Genetics is the study of genes, genetic variation and heredity in living things. As DNA is the genetic information and holds the instructions for making living things it is all important in the study of genetics. For example eye colour and hair colour are physical traits we can see that are determined by variations in the DNA sequence of specific genes. These variations can cause either more or less of a particular protein to be made or the particular protein that is made may have different properties. The results of these genetic variations are reflected in the traits we see. Because DNA is inherited from parents to child through the generations these traits often run in families, although some are more complex than others and can be controlled by many different genes.

A simple example is blue eye colour that is controlled by a single genetic variation on human chromosome 15. Blue eye colour is known as a recessive trait because you need 2 copies of the genetic variation to have blue eyes, one on the chromosome 15 you inherited from your mother and one on the chromosome 15 you inherited from your father. If you have just one copy of the blue eye colour variant, the second copy on your other chromosome 15 will dominate and you will have brown eyes. Brown eye colour, therefore, is a dominant trait. One of my first SangerArt pieces was inspired by the blue eye colour variant and visually illustrates how the DNA sequence relates to the physical trait of blue eyes. You can see it here.

What is a genetic disease?

In the same way that physical traits are genetically determined, so are many diseases. Most genetic diseases result from alterations to the DNA that are inherited through the generations. They can be as simple as a single DNA base replaced with another base that just so happens to be located in the middle of a protein coding gene. This single "spelling mistake" changes the sequence of a codon that codes for one amino acid to the codon for a different amino acid. If the amino acid in that protein is essential for its function then changing it can have devastating consequences, leading to a faulty, non-functioning protein that can no longer do its job.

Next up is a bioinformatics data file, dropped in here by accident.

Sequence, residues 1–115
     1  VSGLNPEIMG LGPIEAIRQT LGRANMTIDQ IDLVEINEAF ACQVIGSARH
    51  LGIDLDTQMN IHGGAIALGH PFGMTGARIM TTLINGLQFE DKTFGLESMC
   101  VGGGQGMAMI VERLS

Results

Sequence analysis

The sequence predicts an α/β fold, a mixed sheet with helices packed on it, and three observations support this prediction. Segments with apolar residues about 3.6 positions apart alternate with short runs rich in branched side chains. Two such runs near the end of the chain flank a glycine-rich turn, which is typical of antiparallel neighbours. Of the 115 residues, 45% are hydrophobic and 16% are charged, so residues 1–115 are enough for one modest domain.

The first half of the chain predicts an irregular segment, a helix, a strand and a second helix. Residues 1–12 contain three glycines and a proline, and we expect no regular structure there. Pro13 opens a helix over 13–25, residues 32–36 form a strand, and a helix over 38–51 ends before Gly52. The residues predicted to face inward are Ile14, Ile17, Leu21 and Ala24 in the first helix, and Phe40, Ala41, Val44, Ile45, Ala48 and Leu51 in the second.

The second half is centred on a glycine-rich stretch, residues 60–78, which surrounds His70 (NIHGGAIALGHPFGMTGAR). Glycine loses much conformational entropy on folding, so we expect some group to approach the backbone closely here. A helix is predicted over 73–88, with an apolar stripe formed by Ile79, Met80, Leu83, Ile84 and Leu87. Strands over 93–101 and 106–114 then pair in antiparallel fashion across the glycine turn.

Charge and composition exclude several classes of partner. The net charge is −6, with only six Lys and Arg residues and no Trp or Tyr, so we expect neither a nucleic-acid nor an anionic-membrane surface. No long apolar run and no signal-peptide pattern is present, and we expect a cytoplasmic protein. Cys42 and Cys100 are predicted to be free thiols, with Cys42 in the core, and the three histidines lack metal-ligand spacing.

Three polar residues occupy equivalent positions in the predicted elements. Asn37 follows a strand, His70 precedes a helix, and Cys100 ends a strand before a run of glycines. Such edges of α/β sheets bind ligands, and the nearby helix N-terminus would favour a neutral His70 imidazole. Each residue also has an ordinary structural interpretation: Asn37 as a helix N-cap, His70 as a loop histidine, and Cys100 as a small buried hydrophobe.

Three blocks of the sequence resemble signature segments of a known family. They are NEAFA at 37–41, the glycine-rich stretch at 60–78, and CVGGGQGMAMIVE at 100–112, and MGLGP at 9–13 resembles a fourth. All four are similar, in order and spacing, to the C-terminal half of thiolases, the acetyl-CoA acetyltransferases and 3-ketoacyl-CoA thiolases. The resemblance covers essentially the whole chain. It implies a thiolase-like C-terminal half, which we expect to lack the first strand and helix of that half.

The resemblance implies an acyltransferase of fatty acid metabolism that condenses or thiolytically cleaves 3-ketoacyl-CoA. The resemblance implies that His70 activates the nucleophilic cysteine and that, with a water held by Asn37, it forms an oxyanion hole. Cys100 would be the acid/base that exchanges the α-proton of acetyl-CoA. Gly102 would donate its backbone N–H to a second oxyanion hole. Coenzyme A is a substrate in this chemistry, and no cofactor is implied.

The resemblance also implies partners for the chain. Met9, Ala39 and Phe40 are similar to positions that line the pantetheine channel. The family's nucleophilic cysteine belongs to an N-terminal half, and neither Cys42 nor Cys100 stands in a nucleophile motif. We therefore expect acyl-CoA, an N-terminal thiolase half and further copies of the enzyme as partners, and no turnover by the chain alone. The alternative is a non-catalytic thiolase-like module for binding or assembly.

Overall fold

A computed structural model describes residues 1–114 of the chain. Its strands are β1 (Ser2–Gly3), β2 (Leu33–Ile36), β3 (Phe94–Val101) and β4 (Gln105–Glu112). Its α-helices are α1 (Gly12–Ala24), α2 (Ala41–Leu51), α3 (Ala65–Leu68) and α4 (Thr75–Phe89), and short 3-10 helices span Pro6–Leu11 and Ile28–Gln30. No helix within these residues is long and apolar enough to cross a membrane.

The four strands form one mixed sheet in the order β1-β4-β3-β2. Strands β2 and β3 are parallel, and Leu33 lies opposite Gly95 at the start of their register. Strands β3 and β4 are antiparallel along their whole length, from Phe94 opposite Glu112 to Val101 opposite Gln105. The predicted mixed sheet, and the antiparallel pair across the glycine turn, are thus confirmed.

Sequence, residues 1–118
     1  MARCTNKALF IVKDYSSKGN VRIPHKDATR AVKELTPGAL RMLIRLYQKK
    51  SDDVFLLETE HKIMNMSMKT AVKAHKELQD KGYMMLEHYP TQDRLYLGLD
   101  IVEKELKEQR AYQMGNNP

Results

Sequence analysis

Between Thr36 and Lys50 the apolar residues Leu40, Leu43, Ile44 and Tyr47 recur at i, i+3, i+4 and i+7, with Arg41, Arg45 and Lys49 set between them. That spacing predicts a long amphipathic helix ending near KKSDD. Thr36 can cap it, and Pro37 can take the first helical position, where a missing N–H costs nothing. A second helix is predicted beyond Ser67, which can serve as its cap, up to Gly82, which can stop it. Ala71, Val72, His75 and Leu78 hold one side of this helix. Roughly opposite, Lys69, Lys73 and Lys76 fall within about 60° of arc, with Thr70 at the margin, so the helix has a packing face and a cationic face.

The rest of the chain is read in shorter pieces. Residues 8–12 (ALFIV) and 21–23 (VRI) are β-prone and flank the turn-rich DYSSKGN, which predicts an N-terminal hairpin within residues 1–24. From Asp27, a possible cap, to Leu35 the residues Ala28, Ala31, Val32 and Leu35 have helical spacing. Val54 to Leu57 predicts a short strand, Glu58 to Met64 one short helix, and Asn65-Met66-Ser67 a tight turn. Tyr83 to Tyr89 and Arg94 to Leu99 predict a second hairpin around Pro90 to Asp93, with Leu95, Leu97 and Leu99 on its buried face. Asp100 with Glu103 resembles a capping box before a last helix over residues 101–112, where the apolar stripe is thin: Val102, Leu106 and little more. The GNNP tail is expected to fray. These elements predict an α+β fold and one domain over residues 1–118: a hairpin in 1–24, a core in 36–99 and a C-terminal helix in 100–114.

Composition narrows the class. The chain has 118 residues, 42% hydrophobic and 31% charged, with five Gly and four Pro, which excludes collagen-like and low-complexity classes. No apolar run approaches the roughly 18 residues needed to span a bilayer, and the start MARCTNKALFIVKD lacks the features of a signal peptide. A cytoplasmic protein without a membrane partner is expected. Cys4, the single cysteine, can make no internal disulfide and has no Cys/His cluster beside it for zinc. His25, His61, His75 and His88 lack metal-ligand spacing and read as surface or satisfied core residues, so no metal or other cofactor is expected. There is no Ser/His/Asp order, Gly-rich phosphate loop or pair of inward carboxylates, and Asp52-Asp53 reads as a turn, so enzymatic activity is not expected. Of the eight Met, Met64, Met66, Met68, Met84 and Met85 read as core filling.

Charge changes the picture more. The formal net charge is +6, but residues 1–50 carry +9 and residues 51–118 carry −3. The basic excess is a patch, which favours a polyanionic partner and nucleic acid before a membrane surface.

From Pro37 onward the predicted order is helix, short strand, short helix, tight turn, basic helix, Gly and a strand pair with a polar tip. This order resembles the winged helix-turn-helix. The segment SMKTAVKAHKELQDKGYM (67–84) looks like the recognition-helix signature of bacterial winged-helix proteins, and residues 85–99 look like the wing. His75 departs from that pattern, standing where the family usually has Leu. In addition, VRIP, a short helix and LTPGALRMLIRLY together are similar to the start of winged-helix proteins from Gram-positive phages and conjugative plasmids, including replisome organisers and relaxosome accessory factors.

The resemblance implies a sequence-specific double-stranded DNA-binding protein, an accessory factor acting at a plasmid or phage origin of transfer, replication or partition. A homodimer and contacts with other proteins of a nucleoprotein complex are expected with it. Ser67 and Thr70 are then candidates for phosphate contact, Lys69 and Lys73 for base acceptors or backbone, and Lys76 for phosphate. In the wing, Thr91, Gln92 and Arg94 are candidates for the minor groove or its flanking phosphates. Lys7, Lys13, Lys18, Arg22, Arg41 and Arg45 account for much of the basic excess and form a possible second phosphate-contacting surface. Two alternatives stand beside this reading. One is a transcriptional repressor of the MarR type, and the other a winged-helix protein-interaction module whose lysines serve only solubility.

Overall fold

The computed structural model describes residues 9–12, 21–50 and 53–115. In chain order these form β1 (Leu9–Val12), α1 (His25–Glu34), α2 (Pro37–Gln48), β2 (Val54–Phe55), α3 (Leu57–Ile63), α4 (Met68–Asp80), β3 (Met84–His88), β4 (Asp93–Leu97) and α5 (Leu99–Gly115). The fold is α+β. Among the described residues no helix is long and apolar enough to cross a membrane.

An example of a genetic disease, that I have spent much of my life researching, is haemochromatosis. Most cases of haemochromatosis are caused by a single base change on chromosome 6 that is located in the HFE gene. The HFE gene encodes a protein that regulates the balance of iron in the body. When iron levels get too high, the HFE protein senses this and sends a signal to the intestines to tell them to stop absorbing iron. A single base change (G>A) in codon 282 of the HFE gene results in the replacement of the amino acid cysteine (C) with tyrosine (Y) in the HFE protein. This protein, which now contains the "p.C282Y" mutation is faulty and can no longer regulate iron balance. Essentially the body thinks it is iron deficient and allows iron absorption to continue unchecked, resulting in iron overload and the toxic effects of too much iron on many of the body's organ systems. One of the Dan's DNA designs, created for people with this most common genetic condition, depicts the sequence change that causes the p.C282Y mutation in the HFE gene. You can see it here. One of my SangerArtworks called "The Celtic Curse" is also inspired by the HFE gene, the p.C282Y mutation and haemochromatosis, a condition which is common among people with Celtic ancestry. You can see it here.

Haemochromatosis is an example of a recessive disease because you require 2 copies of the faulty gene to get it. Other examples of recessive diseases include cystic fibrosis and sickle cell disease. Dominant diseases only require one copy of the faulty gene to manifest, an example being polycystic kidney disease. Another special group of genetic disease are those that are due to changes on the sex chromosomes (X or Y). X chromosome-linked disorders are more common in males than females, simply because males have only one X chromosome and nothing to balance it out with. Hence, X-linked recessive diseases such as haemophilia are seen far more frequently in males. Haemophilia affected many male decedents of Queen Victoria and was known as the "Royal disease", my SangerArtwork "Royal Blood and DNA" is inspired by this story and the research which pinpointed the exact DNA change that caused it. You can see it here

bottom of page